Read: “It’s an eter­nity in there…”

Tech­nol­ogy is both won­der­ful and ter­ri­fy­ing.

HWM (Singapore) - - Contents - by Koh Wanzi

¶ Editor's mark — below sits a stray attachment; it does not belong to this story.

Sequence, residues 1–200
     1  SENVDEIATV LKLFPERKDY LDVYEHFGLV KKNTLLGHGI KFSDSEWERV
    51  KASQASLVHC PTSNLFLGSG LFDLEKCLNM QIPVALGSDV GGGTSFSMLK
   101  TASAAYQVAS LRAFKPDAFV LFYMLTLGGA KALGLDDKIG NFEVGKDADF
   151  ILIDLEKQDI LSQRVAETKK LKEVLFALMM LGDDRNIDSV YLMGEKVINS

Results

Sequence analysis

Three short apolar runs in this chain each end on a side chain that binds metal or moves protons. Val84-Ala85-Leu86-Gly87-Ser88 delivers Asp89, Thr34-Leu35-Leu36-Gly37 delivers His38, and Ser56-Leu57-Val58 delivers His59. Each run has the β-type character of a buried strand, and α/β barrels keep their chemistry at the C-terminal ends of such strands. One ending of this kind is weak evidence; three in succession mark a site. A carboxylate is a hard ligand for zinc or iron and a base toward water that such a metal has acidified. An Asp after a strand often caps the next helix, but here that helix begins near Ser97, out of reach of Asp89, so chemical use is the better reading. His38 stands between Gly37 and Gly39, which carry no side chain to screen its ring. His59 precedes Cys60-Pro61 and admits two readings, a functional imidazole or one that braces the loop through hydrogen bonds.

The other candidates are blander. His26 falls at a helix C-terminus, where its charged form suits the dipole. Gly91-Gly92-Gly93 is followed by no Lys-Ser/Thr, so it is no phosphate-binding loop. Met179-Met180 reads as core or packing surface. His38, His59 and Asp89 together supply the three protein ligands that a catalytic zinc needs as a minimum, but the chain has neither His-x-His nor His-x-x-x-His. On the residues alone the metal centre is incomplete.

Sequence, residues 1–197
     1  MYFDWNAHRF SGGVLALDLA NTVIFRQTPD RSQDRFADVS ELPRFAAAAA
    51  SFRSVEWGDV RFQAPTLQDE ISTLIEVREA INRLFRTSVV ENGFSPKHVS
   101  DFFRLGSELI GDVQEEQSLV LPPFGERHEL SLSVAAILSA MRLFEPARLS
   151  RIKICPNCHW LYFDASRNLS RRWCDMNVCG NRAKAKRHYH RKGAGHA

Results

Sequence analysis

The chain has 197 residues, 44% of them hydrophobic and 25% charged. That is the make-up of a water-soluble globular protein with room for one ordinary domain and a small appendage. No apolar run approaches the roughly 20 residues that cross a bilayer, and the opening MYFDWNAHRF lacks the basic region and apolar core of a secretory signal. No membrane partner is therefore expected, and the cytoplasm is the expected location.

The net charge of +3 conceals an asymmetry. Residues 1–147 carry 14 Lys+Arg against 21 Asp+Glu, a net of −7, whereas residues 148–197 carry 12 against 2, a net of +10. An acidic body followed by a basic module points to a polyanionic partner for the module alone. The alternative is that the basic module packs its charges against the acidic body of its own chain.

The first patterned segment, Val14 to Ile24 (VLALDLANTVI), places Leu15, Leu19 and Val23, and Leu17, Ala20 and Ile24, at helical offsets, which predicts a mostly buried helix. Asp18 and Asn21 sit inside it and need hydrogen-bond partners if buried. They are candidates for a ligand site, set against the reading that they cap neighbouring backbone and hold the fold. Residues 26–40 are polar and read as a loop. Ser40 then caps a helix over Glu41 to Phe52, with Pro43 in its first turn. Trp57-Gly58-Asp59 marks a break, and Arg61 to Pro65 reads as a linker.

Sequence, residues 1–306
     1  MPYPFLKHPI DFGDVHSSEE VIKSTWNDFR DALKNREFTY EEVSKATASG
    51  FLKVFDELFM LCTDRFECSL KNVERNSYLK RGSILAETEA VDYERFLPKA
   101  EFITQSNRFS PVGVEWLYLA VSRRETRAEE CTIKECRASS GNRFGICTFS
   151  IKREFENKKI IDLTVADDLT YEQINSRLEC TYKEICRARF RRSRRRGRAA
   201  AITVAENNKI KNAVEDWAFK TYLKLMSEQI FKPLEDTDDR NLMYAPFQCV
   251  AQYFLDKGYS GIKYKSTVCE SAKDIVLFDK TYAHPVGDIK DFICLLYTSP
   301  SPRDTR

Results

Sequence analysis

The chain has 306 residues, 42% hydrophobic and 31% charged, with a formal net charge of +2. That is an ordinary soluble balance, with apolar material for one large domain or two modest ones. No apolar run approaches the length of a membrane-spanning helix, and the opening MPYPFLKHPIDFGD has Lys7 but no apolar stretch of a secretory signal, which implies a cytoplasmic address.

T he year is 2307, and hu­mans have fig­ured out how to por­tal in­stan­ta­neously across the planet, and even be­tween plan­ets and across space. In Stephen King’s short story The Jaunt, each trip through a por­tal takes a frac­tion of a se­cond, and the only catch is that trav­el­ers have to be put un­der gen­eral anes­the­sia be­fore that. The his­tory of the jaunt is fraught with cau­tion­ary tales of por­tal­ing while con­scious – lab mice that be­come quiv­er­ing, in­ert bod­ies, and a death-row pris­oner that comes through drool­ing, twitch­ing, and with a shock of snow-white hair (only to drop dead from a heart at­tack mo­ments later). Mark Oates’ son, Ricky, cu­ri­ous af­ter hear­ing about the fate of those who took the jaunt while awake from his fa­ther, de­cides to hold his breath while GA is ad­min­is­tered. Mark awakes on Mars to a thing that used to be his son, with stark white hair, yel­lowed corneas, and an ob­scene, manic glee. “It’s longer than you think, Dad! I saw! I saw!” the Ricky-thing squeals be­fore claw­ing its own eyes out. Some say that the jaunt is an eter­nity to the con­scious­ness, even if the body only ex­pe­ri­ences it as a split se­cond. It is a bil­lion years in an end­less field of white, alone with your own thoughts, Mark thinks, but the real hor­ror is what King leaves to your imag­i­na­tion.

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